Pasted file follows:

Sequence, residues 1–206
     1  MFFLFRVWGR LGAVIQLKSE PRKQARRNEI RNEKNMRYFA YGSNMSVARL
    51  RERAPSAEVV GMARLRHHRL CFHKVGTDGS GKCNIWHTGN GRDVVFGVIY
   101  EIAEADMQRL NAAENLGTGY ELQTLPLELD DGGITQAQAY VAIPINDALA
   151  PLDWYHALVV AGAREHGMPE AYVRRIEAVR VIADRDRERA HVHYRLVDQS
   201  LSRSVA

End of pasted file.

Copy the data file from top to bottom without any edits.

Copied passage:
Sequence, residues 1–206
     1  MFFLFRVWGR LGAVIQLKSE PRKQARRNEI RNEKNMRYFA YGSNMSVARL
    51  RERAPSAEVV GMARLRHHRL CFHKVGTDGS GKCNIWHTGN GRDVVFGVIY
   101  EIAEADMQRL NAAENLGTGY ELQTLPLELD DGGITQAQAY VAIPINDALA
   151  PLDWYHALVV AGAREHGMPE AYVRRIEAVR VIADRDRERA HVHYRLVDQS
   201  LSRSVA